The 12 works from The Collection of Anne H. Bass that will lead the 20th Century Evening Sale at Christie’s New York this May include three exquisite paintings by Claude Monet, spanning the full breadth of the artist’s mature oeuvre: Peupliers au bord de l’Epte, from his bucolic paintings of the French countryside in the early 1890s; Le Parlement, soleil couchant, one of his rhapsodic views of foggy London from 1900-1903; and the 1907 Nymphéas, from his ethereal visions of his beloved water gardens at Giverny.
The works, each of which were purchased by prominent American collectors early in their histories, not only highlight the artist’s work in series; they also underscore the significant role of Monet’s first American patrons, whose enthusiasm for his visionary Impressionist style ran in contrast to the skepticism of the French public and proved essential to the growth of the artist’s international reputation and ultimately his success.
‘These three major series pictures by Monet in one collection, coming to the market at the same time, represent a rare opportunity,’ says Vanessa Fusco, Co-head of the 20th Century Evening Sale. ‘And they each speak to this collecting story and the American embrace of what was at the time a very avant-garde art movement.’
American audiences first got a glimpse of Monet’s bold visual language in 1866, when one of the young artist’s paintings was included in an exhibition on French art at the Derby Gallery in New York. Opportunities to see his work in the United States were sporadic over the next two decades, but each instance grew his following among the East Coast cultural elite, who were struck by the innovative technique and fresh vision of the Impressionist’s carefully observed landscapes.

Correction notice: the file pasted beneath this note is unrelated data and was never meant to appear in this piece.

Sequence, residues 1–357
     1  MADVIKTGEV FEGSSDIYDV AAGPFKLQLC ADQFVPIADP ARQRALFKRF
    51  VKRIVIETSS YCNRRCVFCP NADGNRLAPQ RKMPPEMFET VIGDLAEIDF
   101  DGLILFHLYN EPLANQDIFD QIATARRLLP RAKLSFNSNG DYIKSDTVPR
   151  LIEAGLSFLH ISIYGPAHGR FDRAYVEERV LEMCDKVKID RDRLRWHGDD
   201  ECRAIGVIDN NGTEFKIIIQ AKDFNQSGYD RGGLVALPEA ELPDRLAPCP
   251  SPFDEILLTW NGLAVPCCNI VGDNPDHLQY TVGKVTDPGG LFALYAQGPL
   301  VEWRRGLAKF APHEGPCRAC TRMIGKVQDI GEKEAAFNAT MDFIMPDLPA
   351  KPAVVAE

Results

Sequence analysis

American painters who visited Paris — including John Singer Sargent, Tom Perry, Theodore Robinson, and Mary Cassatt — further fueled interest in Monet and his contemporaries: ‘They came back with tales of the strength and ingenuity of these painters,’ says Fusco.
In particular, Cassatt introduced many leading figures within her social circle to the Impressionists and facilitated several important sales. ‘Monet is coming up…’ she advised her brother Alexander in 1883. She also advised Frank Graham Thomson and a young Louisine Waldron Elder, who would go on to marry the sugar magnate Henry O. Havemeyer. By the 1890s, the Havemeyers were some of the foremost buyers of Impressionist art in the US.
Monet’s earliest American collectors mostly purchased his works in Paris, while traveling through Europe, but in the 1880s a few forward-thinking dealers began bringing the artist’s paintings across the Atlantic directly to the US market. One of the most influential was Paul Durand-Ruel, who met the artist in London in 1871 and went on to become his primary dealer.
Durand-Ruel first tested the waters by sending three Monet landscapes to the American Exhibition of Foreign Products, Arts & Manufactures, in Boston in 1883. It was here that the dealer connected with James F. Sutton, a founding director of the American Art Association, who later mounted a large-scale exhibition of Durand-Ruel’s Impressionist holdings, including 48 paintings by Monet, in New York in 1886. The show caused a sensation and marked a turning point in American collecting trends, solidifying the ascent of Monet and his contemporaries.